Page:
Saturday, November 30, 2013

the importance of sharing the bad days

Today has been what I would qualify as a 'bad' day of parenthood.

It has been one of those days that brings you to your knees, curled up in a ball outside of your wailing toddler's room, tears hot on your cheeks, at a complete loss of how to parent this child well. A day filled with tantrums, minimal sleep, and unexplained crying. I don't know how to help you; I don't know what's wrong. An hour and a half past bedtime, he finally falls asleep in your arms. You rest your eyes, soaking in the dark peace of his bedroom and recognize how much you needed the silence--the silence which is temporary, of course, because when you finally lay him down and tiptoe out of the room it is just fifteen minutes before a coughing fit wakes him and he realizes how miserable he is once again. Lather, rinse, repeat.

And you know what? Nothing is more isolating than the bad days. Doubt about your abilities as a parent creep up and you find yourself wondering how you will ever survive the rest of your existence if this is a sign of what's to come. You are a failure as a mother. Your child deserves better. Anyone who is a personal Facebook friend of mine is well aware of our bad days because I rant and rave about it via status updates. I know that this annoys quite a few, especially my friends who haven't experienced parenthood. The truth is, this is how I cope. I am an external processor. It is no secret that Elden has been a challenge since Day 1 but I continue to be dumbfounded by just how much of a challenge being his parent can be. He is strong-willed. Stubborn like his da. He frustrates easily like his mama and resolves himself to a fit when he can't communicate his needs with you, which is often. Yet, the hardest thing about a bad day isn't the day itself, but instead the fact that I often feel like we are the only parents who experience them on a semi-regular basis. I see my friends children who are apparently beacons of peace, compliance and goodwill. I come to this conclusion because no one ever shares with me that they are having a bad day. That parenthood has crushed their confidence. Maybe it's the fact that I'm a compulsive over-sharer so I'm totally confused as to why others wouldn't share when they're struggling over relatively menial tasks like trying to mail a package at the post office that took 12 time longer than it needed to, a lot of judgmental stares, and a single offer by a sweet elderly woman to help me that resolved me to tears because yesIabsolutelycouldusesomehelp.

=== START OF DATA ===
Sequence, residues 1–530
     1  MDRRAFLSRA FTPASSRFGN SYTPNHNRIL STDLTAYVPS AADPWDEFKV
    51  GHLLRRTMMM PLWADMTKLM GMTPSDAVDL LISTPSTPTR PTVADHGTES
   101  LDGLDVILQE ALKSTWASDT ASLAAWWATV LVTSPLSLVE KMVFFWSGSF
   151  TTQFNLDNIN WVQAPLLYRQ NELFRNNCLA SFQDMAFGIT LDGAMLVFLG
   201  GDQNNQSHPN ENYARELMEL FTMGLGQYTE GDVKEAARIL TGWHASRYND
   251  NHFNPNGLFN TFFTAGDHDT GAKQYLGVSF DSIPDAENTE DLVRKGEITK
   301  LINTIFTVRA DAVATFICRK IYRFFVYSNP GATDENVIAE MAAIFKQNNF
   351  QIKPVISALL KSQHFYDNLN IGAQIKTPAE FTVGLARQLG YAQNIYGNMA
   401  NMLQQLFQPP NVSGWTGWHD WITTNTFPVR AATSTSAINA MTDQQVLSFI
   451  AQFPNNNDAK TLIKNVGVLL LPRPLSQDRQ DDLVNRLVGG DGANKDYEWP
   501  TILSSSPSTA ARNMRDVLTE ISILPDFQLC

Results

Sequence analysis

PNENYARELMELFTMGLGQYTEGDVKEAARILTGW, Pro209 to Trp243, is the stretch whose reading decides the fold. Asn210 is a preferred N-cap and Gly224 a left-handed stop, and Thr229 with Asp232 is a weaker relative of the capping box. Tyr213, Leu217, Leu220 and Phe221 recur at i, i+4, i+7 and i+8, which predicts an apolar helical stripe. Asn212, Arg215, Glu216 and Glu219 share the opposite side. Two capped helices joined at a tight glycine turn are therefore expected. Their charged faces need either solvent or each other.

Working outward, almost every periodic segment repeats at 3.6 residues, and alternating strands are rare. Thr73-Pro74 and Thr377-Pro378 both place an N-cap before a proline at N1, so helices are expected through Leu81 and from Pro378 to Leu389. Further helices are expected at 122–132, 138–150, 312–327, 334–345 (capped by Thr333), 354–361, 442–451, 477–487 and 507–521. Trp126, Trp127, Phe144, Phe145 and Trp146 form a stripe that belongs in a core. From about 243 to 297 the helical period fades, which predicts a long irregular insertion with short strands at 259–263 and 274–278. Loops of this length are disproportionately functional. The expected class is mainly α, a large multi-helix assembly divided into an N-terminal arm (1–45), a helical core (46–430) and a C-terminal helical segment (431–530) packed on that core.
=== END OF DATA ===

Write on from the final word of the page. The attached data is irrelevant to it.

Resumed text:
There's just so much value in sharing every single struggle we encounter. We do one another a disservice by keeping it in to save face, avoid sounding like a whiney Danielle, or [insert your reason here]. It can be a lesson, tips of how you conquered various mountains that seemed impossible at the time. It can be a simple reminder that yes, this will indeed get easier with time and it is perfectly normal to question every single parenting decision you make. It can help someone who is struggling to not feel so alone, like so much of a failure. It also helps prevent resentment from bubbling up because why in the world is everyone else's child so perfect? I know I've been hidden from many-a-newsfeeds due to my incessant updates about our struggles and that's okay. If I can help just one other person feel less alone on their bad days it's worth it.

5 comments:

  1. Girl, I applaud you for sharing this! Not easy, I'm sure. And I absolutely know you're not alone in all of this! I think I recently shared with you via blog comment how I had a complete mama meltdown the other day after battling Ellie over a diaper change. Yes, a freaking diaper change. It was just the straw that broke the camel's back I suppose. Lots and lots of tantrums here with our strong willed child as well. :)

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    1. Jess, you are one of the few bloggers I follow that has been open with her struggles-from infertility to your difficulties with breastfeeding and Ellie's strong will. I am so grateful for your honesty, truly. We are in this together!

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  2. I love your post. This is so true. I don't always share my bad days on my blog, but that's because I have a Mom group for just that reason. The women in it are so real and don't pretend they are parenting the angelic child. I'd love to smack talk and vent with you anytime, because girl, this parenting things is not easy. Especially in the early days(my little girl had a touch of colic also, with a milk protein allergy). And it doesn't get easier, but it's totally worth the hair pulling and screaming I imagine myself doing.

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    1. Kacie, how did you find your Mom group? Perhaps this is an outlet I should explore! I'm also sorry that Sadie (yes I follow your blog ;)) had colic in the beginning! That is an experience I don't wish on my worst enemy!

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  3. It's called Stroller Strong Moms. It's actually a mom workout group, but I know there are many regular mom groups out there also. Check out Meetup and you might find some!

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